The Succulence of Summer

Biting into the soft ripened flesh of a locally grown peach is a summertime pleasure I look forward to each year. A quick rinse, a bit of rubbing to remove the downy coat peaches wear so proudly before the moment of truth – will it be sweet and succulent or mealy and dry. And what a reward when the result proves once again it is Nirvana from a tree. The peach is an explosion of juice and sweetness with that tiny hint of sour – a harvest for the soul.

Yet peaches aren’t the only perfect fruit one can enjoy, nay experience, this time of the year. Let’s not forget about the tomatoes.

I’m not sure when my love affair with the tomato first began, but assuredly it had to have been in my youth. Back in the 1950’s all fresh fruits and vegetables were primarily only available during their respective growing seasons. Mass production, while part of the farm industry by then, wasn’t on the scale it is today and very few grocery chains were importing fresh produce from southern countries during the winter season. No sir, we had to enjoy peaches and tomatoes, watermelons and zucchini, leafy greens and pole beans during their short growing season – summer.

My mother depended on local farms of all sizes to provide her family with fresh seasonal fruits and veggies. As the trucks rolled along the village streets of my tiny seaside home filled with produce picked that morning, she’d flag down the driver and gather in the riches from Earth. Tomatoes were one of her personnel favorites.

These were not merely red colored orbs, these were tomatoes packed with flavor – a flavor I have yet to experience again. These tomatoes weren’t cooked into a sauce or even sliced for a salad, these tomatoes were the main course, the entrée, the prima donna of the dinner table. These tomatoes would be the stars of her bacon, lettuce, and tomato sandwiches.

After securing the red treasure, she’d send me to the store to get the bread. Second only to the tomato, the bread for these sandwiches had to be a fresh loaf of Wonderbread.

The soft, doughy enriched and bleached wheat slices baked in a factory located in New Bedford were a mainstay of our existence. They were breakfast before school, lunch during school, and – in the summertime – a participant in that sandwich unmatched anywhere else on earth: a BLT.

Ma would cut thick juicy slabs of beefsteak tomatoes while the bacon sizzled splendidly in the cast iron flying pan. Meticulous as ever, she’d keep the flame just right to minimize the fat splatter, her stove was a beacon of cleaning virtue bar none. The simmering result was bacon cooked to perfection. The smell was intoxicating.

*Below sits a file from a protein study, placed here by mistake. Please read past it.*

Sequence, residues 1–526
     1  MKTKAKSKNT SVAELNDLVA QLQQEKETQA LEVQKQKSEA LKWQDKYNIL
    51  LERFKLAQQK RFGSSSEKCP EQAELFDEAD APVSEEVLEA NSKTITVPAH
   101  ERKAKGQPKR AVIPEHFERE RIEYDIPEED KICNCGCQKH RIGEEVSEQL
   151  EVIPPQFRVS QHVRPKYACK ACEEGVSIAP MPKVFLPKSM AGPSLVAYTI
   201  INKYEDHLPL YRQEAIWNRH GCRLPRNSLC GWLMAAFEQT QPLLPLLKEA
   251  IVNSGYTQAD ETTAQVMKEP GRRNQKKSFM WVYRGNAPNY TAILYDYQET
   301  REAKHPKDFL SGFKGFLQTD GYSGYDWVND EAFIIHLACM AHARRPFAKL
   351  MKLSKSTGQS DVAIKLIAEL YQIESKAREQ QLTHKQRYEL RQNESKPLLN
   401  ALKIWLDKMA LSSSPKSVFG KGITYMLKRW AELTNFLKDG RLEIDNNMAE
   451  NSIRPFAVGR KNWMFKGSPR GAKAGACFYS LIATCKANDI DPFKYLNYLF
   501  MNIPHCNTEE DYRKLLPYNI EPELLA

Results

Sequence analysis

On the table, she’d place the jar of mayonnaise, the absolutely necessary condiment, the shimmering plate of tomatoes, the cooling strips of bacon, along with the bag of bread, “Come and get it!”

Dad always got his plate first in deference to his position as the breadwinner, no pun intended, but he scanned his eye across the table noting the bounty he’d provided and, no doubt, taking pleasure in seeing his children fed.

I’d carefully build my sandwich. Avoiding the tougher end slices from the bread loaf as I preferred the spongy inner slices. Then came a slathering of mayo, followed by a crisp iceberg lettuce leaf positioned to cradle the tomato lovingly placed in its waiting embrace, and finally the smoky, salty bacon strips. Take that you Jambon Beurre! Touché!!!

We were a very causal family, not predisposed to sit at a dinner table, but instead we’d leave Dad at his post in the kitchen and bring our plates into the living room where Ma would have placed the TV tray tables, and where we’d watch the nightly news while eating supper.

From the first bite until the last, the only thing I remember are those sandwiches, not what Walter Cronkite was reporting, regardless of its importance. I was eating a summer BLT.

The combination of soft yielding bread, creamy mayonnaise, acidic and flavorful tomato flesh, and salty crunchy bacon blended slowly in the mouth of an eight-year-old connoisseur – is this not how a gourmand is created I ask you? And given that all these decades later one of my fondest childhood memories are the summer tomatoes of my youth prepared into BTL sandwiches by my mother, well it speaks volumes, does it not?

Today, my favorite sandwich remains a white bread BTL, although the bread most likely is sourdough or, I must confess, even a baguette.

From my three tomato plants I harvest my small crop of homegrown jewels. As I assemble my leafy greens and lemon tomato sandwich with mayo, I think of Ma and how much she taught me to appreciate simply good, fresh foods. While she was the Queen of all things frozen and canned, in the summer, she knew the few precious weeks of fresh fruits and vegetables had to be taken advantage of – maybe she hoped I’d remember.

This Mattapoisett Life

By Marilou Newell


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